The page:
Slow aviation recovery in China points to longer term global fleet grounding
17th April, 2020: With almost two thirds of all aircraft financed by asset backed securities (ABS) now grounded due to the COVID-19 crisis, receipts of both aircraft rental and maintenance payments are likely to fall, according to leading aviation consultants IBA in a report today.
The report was launched at a webinar hosted by IBA and KPMG outlining how the recent downturn in passenger demand could impact finance modelling for ABS and other aircraft leasing models.
Data from IBA.iQ indicates that 62% of all aircraft in ABS finance structures created since 2015 are either parked or stored, compared to 48% of the overall global aircraft fleet. Within the ABS structures, widebodies make up the highest proportion of grounded aircraft due to the effects of COVID-19 on long haul travel.
This situation is likely to cause cashflow pressures within aircraft ABS structures as operators seek rental payment holidays and groundings cause uncertainty in the level of unplanned maintenance costs.
This uncertainty has the potential to cause defaults in ABS structures in the medium term (six to 12 months from now) once the total cost of unplanned maintenance impacts overall liquidity.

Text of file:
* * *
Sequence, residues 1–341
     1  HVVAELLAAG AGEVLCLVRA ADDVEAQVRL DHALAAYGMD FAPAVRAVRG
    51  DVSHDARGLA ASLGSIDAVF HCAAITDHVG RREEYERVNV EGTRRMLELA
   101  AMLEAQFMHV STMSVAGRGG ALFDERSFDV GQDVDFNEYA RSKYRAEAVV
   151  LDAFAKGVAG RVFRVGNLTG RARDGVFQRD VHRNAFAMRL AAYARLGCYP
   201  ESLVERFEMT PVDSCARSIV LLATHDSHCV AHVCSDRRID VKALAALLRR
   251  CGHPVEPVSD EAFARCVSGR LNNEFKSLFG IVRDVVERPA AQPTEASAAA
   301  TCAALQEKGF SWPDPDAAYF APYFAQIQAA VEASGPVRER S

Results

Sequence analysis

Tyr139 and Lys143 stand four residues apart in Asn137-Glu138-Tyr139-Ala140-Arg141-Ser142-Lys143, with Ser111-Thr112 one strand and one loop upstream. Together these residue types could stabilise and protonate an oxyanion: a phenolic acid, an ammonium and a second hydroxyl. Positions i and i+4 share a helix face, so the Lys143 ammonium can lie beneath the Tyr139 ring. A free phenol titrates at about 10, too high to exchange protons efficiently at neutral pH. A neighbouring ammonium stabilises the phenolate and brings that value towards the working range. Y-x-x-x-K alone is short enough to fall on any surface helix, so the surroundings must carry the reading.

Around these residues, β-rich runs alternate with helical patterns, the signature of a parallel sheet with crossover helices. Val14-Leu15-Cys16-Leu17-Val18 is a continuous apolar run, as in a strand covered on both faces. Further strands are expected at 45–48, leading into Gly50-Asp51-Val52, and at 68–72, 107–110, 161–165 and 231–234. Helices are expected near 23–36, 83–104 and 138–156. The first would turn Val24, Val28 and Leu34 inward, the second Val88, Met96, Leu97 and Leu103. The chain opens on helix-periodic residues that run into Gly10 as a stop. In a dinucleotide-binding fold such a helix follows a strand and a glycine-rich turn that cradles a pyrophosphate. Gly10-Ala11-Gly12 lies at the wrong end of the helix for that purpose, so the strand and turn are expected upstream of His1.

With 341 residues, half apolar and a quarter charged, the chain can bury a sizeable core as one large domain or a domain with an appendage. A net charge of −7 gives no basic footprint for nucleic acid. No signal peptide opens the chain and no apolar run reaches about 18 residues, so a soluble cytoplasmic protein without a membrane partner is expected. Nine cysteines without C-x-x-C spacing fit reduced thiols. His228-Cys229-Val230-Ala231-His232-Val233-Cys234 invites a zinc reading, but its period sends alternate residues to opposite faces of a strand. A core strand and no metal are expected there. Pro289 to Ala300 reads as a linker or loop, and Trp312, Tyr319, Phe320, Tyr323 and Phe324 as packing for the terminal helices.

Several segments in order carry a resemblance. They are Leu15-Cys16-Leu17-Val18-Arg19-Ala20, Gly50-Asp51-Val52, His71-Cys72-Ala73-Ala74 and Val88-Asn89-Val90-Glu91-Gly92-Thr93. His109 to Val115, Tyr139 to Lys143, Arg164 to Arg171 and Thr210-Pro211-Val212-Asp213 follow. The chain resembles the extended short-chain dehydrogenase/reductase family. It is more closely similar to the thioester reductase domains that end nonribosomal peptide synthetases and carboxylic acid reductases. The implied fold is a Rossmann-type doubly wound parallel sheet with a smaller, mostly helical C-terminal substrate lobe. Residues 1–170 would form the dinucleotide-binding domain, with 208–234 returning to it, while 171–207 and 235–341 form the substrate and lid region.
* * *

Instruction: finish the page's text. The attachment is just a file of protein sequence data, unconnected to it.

Data from IBA.iQ also illustrates that returning grounded aircraft to service in China is only just beginning and currently at a very low level. With the impact of COVID-19 in China reported to be 2-3 months ahead of other countries, IBA forecast that aircraft groundings in other regions will continue through the second quarter of 2020 (April – June).
Phil Seymour, President of IBA, says: “Aircraft ABS structures are set to suffer the effects of aircraft groundings in the year ahead. A combination of prudent cash management and active engagement with lessees will be crucial to effectively managing outlooks in the medium and long term.”
With unplanned lease ends set to increase as aircraft are grounded and operators face financial challenges, ABS structures will face significant costs which will not have been planned or modelled. These include ferry flights, maintenance, redelivery, reconfiguration and regulatory liaison.
Speaking about the potential impacts of the forecast, Brendan Crowley, Director in Consulting at KPMG Ireland, added: “In this exceptional environment, it’s essential that investors and other key ABS stakeholders identify, plan for and mitigate non-scheduled costs such as aircraft maintenance and transitions.”
To view the report from IBA and KPMG, click here.
IBA was established in 1988 to provide independent expert business analysis to the aviation industry. IBA advises commercial and business aviation clients, aircraft/engine manufacturers and operators. Services include data intelligence, asset valuations, technical and engine management, advisory, consulting and commercial services, industry and sector research and analysis. IBA were awarded Airline Economics’ ‘Appraiser of the Year 2020’.